United States District Court, D. Colorado
A. BRIMMER UNITED STATES DISTRICT JUDGE
matter is before the Court on the Motion to Dismiss Pursuant
to Fed.R.Civ.P. 25(a)(1) [Docket No. 40] filed by defendant
Wells Fargo Bank, N.A. (“Wells Fargo”). The Court
has jurisdiction pursuant to 28 U.S.C. §§ 1331 and
filed this lawsuit in the District Court for Adams County,
Colorado on September 20, 2017 asserting various state and
federal claims arising out of defendants' alleged
wrongful foreclosure on her home. Docket No.
Wells Fargo removed the case to federal court on November 3,
2017. Docket No. 1. On January 5, 2018, Wells Fargo filed a
suggestion of death notifying the Court of the record of
plaintiff's death on December 18, 2017. Docket No. 34.
Wells Fargo avers that it served plaintiff's adult
daughter, Jenna Eckerman, with the suggestion of death on
January 10, 2018 by leaving a copy of the filing with her
manager and supervisor, Dennis Anderson, at her place of
employment. Docket No. 39; Docket No. 40 at 2, ¶ 5.
After no person purporting to be a successor or personal
representative of plaintiff filed a motion for substitution
within the 90-day period prescribed by Fed.R.Civ.P. 25(a)(1),
Wells Fargo filed the instant motion to dismiss the lawsuit.
Docket No. 40.
Fed.R.Civ.P. 25(a)(1), if a motion for substitution is not
made by a decedent's successor or representative
“within 90 days after service of a statement noting the
death, the action by or against the decedent must be
dismissed.” The 90-day period under Rule 25(a)(1)
begins to run when the statement noting death is
“served on the parties as provided in Rule 5 and on
nonparties as provided in Rule 4.” Fed.R.Civ.P.
25(a)(3); see also Hamilton v. Kemper, No.
17-cv-00882-MSK-STV, 2018 WL 1616808, at *2 (D. Colo. Apr. 4,
2018). Although Rule 25 does not identify the nonparties who
must be served, courts in the Tenth Circuit have interpreted
the rule “to require the party suggesting death to
serve that suggestion on the decedent's successors or
representatives.” Hamilton, 2018 WL 1616808,
at *2 (collecting cases); see also Grandbouche v.
Lovell, 913 F.2d 835, 837 (10th Cir. 1990) (“While
service of a suggestion of death on counsel will satisfy the
requirement of Rule 25(a)(1) for service of parties to the
litigation, the service required by Rule 25(a)(1) on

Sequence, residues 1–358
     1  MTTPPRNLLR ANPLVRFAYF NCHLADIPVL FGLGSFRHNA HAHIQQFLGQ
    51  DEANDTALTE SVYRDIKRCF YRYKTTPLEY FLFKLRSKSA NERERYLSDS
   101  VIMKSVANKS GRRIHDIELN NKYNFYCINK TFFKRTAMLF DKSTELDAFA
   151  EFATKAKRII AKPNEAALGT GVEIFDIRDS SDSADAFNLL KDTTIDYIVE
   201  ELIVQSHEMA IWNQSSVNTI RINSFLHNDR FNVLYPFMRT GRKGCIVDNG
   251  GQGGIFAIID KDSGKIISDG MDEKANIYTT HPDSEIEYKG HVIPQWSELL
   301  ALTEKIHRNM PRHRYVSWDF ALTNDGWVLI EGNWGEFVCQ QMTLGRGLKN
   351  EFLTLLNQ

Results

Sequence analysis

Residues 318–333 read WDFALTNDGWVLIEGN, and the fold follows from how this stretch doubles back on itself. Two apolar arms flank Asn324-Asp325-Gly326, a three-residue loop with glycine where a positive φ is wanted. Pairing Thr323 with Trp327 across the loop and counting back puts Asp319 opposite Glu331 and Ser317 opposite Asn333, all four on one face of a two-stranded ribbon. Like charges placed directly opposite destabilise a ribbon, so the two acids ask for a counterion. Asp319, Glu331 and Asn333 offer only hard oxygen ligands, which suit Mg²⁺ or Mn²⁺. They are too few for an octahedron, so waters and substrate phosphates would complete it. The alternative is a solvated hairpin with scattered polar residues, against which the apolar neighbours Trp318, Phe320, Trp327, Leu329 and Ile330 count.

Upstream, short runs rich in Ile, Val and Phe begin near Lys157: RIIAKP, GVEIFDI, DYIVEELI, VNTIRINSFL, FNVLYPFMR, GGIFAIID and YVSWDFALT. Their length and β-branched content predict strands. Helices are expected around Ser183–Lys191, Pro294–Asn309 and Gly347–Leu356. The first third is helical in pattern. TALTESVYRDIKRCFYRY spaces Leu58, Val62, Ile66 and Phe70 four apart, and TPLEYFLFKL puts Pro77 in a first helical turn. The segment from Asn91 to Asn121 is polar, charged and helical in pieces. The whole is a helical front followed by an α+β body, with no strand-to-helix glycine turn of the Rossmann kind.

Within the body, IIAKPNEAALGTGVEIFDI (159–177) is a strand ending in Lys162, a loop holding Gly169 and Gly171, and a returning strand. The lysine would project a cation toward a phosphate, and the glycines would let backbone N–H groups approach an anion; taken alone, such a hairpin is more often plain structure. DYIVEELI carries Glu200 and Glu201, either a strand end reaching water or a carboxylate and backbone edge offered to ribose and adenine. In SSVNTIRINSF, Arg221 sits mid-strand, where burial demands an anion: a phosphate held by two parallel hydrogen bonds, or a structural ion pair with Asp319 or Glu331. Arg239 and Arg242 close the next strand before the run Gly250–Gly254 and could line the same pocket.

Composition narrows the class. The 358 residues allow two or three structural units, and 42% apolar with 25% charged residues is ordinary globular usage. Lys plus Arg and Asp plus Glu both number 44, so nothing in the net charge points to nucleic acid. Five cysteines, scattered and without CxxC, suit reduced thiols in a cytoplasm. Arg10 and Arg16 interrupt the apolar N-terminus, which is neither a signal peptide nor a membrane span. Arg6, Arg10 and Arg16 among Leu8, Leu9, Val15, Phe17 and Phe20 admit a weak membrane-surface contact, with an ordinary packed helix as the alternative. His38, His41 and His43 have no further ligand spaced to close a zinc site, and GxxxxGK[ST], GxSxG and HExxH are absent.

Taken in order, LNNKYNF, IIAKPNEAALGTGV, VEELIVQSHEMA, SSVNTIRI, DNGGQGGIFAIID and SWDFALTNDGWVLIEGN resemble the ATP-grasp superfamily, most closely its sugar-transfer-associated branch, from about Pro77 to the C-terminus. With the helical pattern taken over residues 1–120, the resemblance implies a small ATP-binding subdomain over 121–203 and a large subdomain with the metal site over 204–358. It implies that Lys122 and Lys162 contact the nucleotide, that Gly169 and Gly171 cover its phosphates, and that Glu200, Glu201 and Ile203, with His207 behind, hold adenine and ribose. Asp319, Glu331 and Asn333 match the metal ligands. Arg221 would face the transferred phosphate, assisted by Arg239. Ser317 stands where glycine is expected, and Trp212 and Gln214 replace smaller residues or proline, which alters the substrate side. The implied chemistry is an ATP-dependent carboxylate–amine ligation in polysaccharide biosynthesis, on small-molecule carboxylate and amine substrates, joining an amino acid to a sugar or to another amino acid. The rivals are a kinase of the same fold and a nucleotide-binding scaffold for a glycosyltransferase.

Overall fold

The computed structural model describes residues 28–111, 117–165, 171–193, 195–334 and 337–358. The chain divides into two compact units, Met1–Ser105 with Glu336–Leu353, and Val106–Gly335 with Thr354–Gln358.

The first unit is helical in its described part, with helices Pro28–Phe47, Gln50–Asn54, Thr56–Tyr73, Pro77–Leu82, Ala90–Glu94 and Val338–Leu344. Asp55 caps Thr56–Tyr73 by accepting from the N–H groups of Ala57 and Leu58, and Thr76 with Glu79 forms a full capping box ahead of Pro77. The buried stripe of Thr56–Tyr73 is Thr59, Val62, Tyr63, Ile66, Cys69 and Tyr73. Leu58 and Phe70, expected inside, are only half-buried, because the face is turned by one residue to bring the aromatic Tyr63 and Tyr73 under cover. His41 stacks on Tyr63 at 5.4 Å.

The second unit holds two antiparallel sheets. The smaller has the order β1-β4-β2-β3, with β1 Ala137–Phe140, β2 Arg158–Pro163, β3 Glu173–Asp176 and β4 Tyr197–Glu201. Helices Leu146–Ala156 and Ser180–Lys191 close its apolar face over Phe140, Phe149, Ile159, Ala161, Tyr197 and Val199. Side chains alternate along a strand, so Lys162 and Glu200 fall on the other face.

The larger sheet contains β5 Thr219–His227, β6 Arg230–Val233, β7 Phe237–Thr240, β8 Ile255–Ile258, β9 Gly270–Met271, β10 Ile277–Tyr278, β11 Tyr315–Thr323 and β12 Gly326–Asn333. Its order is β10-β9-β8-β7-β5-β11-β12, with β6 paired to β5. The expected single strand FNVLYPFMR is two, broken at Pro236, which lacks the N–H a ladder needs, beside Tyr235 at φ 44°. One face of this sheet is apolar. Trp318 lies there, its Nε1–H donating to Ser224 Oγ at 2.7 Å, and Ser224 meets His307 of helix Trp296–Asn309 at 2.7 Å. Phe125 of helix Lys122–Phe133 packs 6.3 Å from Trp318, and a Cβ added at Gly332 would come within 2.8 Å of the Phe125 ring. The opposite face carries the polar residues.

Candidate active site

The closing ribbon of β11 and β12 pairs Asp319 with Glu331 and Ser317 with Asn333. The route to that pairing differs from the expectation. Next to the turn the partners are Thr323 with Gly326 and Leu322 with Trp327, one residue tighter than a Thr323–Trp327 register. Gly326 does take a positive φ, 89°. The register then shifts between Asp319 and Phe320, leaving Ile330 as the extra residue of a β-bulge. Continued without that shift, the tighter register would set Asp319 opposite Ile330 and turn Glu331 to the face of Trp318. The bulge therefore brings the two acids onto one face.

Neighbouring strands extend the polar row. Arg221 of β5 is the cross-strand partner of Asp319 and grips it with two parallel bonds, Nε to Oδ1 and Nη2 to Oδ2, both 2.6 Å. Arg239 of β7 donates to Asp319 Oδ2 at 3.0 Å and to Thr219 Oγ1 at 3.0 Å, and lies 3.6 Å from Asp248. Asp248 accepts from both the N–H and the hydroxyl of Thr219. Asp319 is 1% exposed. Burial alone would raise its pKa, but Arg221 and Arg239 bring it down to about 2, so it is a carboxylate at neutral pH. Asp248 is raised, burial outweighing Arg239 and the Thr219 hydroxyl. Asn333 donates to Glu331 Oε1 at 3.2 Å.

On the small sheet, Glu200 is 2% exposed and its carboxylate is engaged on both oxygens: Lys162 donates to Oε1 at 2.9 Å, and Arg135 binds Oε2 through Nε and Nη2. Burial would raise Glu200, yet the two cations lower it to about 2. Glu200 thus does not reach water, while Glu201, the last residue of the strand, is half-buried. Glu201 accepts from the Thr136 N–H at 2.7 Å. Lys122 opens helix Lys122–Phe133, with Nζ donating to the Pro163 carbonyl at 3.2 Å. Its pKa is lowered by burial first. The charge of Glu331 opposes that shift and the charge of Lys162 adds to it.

nonparties, specifically the successors or
representatives of the deceased party's estate, must
be service pursuant to Fed.R.Civ.P. 4.” (emphasis
added)). Such an interpretation is consistent with the
majority rule that “the suggestion of death must be
served on the decedent's estate or personal
representative, even if that representative has not yet been
identified or appointed.” Hamilton, 2018 WL
1616808, at *2; see also Sampson v. ASC Indus., 780
F.3d 679, 682 (5th Cir. 2015) (joining “the Fourth,
Seventh, Ninth, and Tenth Circuits in holding that when a
plaintiff dies, in order for the ninety-day deadline to run
under Rule 25, the suggestion of death must have been
personally served on the deceased-plaintiff's
January 19, 2018, Wells Fargo filed an affidavit of service
indicating that the suggestion of death was served on
plaintiff's adult daughter, Jenna Eckerman, on January
10, 2018. Docket No. 39. Wells Fargo contends that serving
Ms. Eckerman triggered the 90-day period under Rule 25(a)(1).
Docket No. 40 at 2, ¶¶ 5-6. However, apart from
Wells Fargo's averment that Jenna Eckerman is
plaintiff's adult daughter, see, e.g., Docket
No. 40 at 2, ¶ 5, Wells Fargo has not presented evidence
establishing Jenna Eckerman's relationship with
plaintiff, explained its efforts to identify the personal
representative of plaintiff's estate, or provided any
basis for a conclusion that Jenna Eckerman is a
“successor or representative” of plaintiff's
estate. Additionally, although the affidavit of service filed
on January 19, 2018 indicates that Wells Fargo served Ms.
Eckerman by leaving a copy of the suggestion of death with
her supervisor at The Raleigh House, Docket No. 39, Wells
Fargo has not established that The Raleigh House is Jenna
Eckerman's “usual workplace.” Colo. R. Civ.
P. 4(e)(1) (permitting personal service “by leaving a
copy thereof at . . . the person's usual workplace, with
the person's supervisor, secretary, administrative
assistant, bookkeeper, human resources representative or
managing agent”); see also Fed. R. Civ. P.
4(e)(1) (providing that an individual may be served “in
a judicial district of the United States by . . . following
state law for serving a summons in an action brought in
courts of general jurisdiction in the state where the
district court is located or where service is made”).
Given these deficiencies, Wells Fargo has not shown that
dismissal is warranted under Fed.R.Civ.P. 25(a)(1). See
Fariss v. Lynchburg Foundry, 769 F.2d 958, 962 (4th Cir.
1985) (“In some instances, it may prove more difficult
to determine whom to serve, but it is generally appropriate
to require the serving party to shoulder that burden, rather
than permitting the ABSENCE of notice to decedent's
representative to lead to forfeiture of the action.”
(internal citations omitted)). Wherefore, it is
that, on or before June 26, 2018, Wells
Fargo shall file a supplemental brief, not to exceed five
pages, explaining its efforts to identify the personal
representative of plaintiff's estate and why the January
10, 2018 service of the suggestion of death on Jenna Eckerman
was sufficient to trigger the 90-day period under
Plaintiff named Wells Fargo Home
Mortgage, Inc. and America's Servicing Company as
defendants in this case; however, defendant Wells Fargo Bank,
N.A. has indicated that those entities are d/b/as of Wells
Fargo Bank, N.A. See, e.g., Docket No. 40 at 1. All